Young researchers at the Leibniz Institute for Catalysis, LIKAT, in Rostock have developed a catalytic process for bio-polymers that runs under very mild conditions. The results are building blocks of the plastic PEF, a sustainable alternative to PET beverage packaging. The production of PEF building blocks does not require petroleum, but instead cellulose, i.e. biomass, and essentially only alcohol and air. The process can be transferred into practice immediately. To make it freely accessible, the young chemists published their findings on an open-access platform.
Coca Cola was the first company to build a plant bottle factory in the USA for beverage bottles made of polyethylene terephthalate (PET), which are produced entirely from plant material - but with a high energy input. The conventional process for the PET building blocks requires temperatures of up to 300 degrees Celsius and a pressure of around 100 bar.
In the beginning, we simply took balloons, blew them up in the lab and put them over the apparatus." - Experiment with gas entering the reaction vessel.
"These harsh conditions have so far weakened the industry's enthusiasm for biobased plastics," said Dr. Esteban Meija. He is head of the "Polymer Chemistry and Catalysis" junior research group at LIKAT. The work on the new process was carried out under his leadership.
The result is quasi the "green brother" of PET: PEF, full name: polyethylene furanoate. The PEF process manages with a maximum of 60 degrees Celsius, operates at normal atmospheric pressure and can increase its productivity 15 times over under continuous flow conditions. Dr. Meija: "This makes bio-based polymers such as PEF interesting again for industry.”
Platform Chemical from Rice Straw
The starting material for the PEF building blocks is a so-called platform chemical, a furan derivative called HMF, which is produced from cellulose, a polysaccharide from waste products such as agricultural waste. Laboratories around the world are conducting research on a dozen such platform chemicals in order to convert the raw material for chemistry from crude oil and natural gas to biomass on a large scale.
HMF, to be precise: hydroxymethylfurfural, is one of the hot candidates, as Esteban Meija says. However, new ideas are also needed for the simple and cheap implementation of this raw material and its products on a large scale.
Dr. Meija's research contacts with Vietnam led to cooperation with Nguyen Trung Thanh, a professor at Hanoi University of Technology. Meija's junior research group offered him the opportunity to develop a simplified process for the production of HMF from rice straw in his habilitation thesis. In parallel, Meija assigned a student from Venezuela, Abel Salazar, the task of improving the PEF process based on HMF.
Balloons in the Laboratory
In principle, in this process, a mixture of HMF and alcohol reacts with oxygen and in the presence of a catalyst to form an ester, or more precisely a diester, which can be polymerised to PEF in a further step (see scheme). Compared to the previous process, the new process at the LIKAT manages with a fractional amount of heat and pressure.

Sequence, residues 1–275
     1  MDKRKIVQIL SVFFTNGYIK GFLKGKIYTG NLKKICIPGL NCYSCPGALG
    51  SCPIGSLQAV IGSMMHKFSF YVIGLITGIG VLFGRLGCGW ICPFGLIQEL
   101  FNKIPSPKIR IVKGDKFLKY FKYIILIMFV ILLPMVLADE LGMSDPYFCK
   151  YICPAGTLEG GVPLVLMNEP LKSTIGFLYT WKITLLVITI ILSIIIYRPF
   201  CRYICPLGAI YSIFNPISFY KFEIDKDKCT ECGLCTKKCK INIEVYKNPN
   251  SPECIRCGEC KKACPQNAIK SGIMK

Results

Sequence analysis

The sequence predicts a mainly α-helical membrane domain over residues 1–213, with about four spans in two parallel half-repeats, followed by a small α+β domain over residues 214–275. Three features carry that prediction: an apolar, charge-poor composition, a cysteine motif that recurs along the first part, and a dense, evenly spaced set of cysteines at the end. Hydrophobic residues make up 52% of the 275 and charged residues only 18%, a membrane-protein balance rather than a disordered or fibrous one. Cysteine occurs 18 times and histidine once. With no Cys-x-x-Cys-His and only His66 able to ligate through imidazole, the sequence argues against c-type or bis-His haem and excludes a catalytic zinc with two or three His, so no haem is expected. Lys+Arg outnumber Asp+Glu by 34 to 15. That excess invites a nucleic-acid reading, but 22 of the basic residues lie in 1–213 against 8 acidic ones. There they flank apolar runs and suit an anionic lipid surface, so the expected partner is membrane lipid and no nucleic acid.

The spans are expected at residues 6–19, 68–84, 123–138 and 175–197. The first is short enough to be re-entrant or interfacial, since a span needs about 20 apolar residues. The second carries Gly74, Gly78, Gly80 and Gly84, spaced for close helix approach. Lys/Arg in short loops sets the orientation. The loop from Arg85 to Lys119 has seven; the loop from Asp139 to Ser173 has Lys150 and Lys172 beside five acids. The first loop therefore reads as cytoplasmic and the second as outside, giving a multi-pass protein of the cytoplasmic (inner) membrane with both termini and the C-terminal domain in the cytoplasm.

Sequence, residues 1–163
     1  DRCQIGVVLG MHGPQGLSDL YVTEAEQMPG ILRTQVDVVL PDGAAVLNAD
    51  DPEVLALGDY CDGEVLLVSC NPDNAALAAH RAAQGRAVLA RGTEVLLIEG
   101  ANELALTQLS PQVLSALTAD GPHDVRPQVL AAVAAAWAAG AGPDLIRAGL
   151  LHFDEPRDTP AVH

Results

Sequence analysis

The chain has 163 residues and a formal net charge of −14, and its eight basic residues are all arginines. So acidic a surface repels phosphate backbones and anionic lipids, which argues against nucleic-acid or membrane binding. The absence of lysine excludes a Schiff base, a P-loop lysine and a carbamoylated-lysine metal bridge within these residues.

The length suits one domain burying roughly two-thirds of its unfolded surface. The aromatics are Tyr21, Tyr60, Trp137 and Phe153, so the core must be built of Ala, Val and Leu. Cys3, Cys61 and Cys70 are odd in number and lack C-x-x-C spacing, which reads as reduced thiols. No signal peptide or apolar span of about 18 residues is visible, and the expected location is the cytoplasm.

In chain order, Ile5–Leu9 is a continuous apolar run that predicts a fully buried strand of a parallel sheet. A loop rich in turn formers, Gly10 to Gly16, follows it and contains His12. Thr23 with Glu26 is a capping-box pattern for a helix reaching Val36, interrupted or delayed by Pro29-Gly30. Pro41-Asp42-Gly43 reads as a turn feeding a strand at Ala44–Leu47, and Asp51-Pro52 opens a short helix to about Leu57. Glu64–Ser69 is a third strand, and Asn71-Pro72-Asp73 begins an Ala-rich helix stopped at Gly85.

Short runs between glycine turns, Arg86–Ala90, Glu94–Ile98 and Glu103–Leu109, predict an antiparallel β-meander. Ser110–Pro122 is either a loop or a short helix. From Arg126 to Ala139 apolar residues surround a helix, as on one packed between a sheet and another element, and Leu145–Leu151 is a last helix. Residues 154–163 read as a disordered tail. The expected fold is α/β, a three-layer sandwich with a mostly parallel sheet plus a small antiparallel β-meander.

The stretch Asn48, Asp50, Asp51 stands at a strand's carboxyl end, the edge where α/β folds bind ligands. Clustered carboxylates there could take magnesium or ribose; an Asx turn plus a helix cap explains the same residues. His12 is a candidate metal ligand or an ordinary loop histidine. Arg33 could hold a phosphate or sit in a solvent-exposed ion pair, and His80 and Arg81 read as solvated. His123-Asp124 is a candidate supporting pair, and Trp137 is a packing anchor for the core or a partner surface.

On top of that, the researchers do not supply the required oxygen to the reaction in concentrated form, but rather from the air - which simplified the process considerably and apparently also increased the fun factor of the experiments: "At first we simply took balloons, blew them up in the laboratory and put them over the apparatus. With three or four reactions at the same time, it made for a nice party scene in the lab.
But the use of room air had a disadvantage for the reaction: it ran too slowly. The product could only be examined the next morning. Meija and his team solved the problem in two places. First, they slightly increased the pressure and found an optimum at 20 bar. "Secondly, we replaced our reaction vessel with a microflow reactor."
The starting materials, essentially a mixture of HMF and alcohol, are pressed through a system of fine tubes with oxygen or air. Due to the capillary forced guidance, the oxygen molecules come into contact with the starting mix in a well-dosed manner. The reaction mixture then passes through a cartridge. There the catalyst is located, which starts the reaction, in this case particles of cobalt oxide and ruthenium, applied to the surface of small beads.
This arrangement enables the "oxidative esterification", as chemists call this reaction, and above all it allows a continuous process. The catalyst is not consumed, it can be used again and again. The product, the esterified PEF component, leaves the cartridge as a liquid and can now be polymerized.
"Our reaction now runs 15 times faster than when the experiments began," says Esteban Meija. The chemist is convinced that the result will interest many people. "That's why we have decided to publish the results in open access."
Dr. Esteban Mejia
Dr. Martha Höhne | idw - Informationsdienst Wissenschaft
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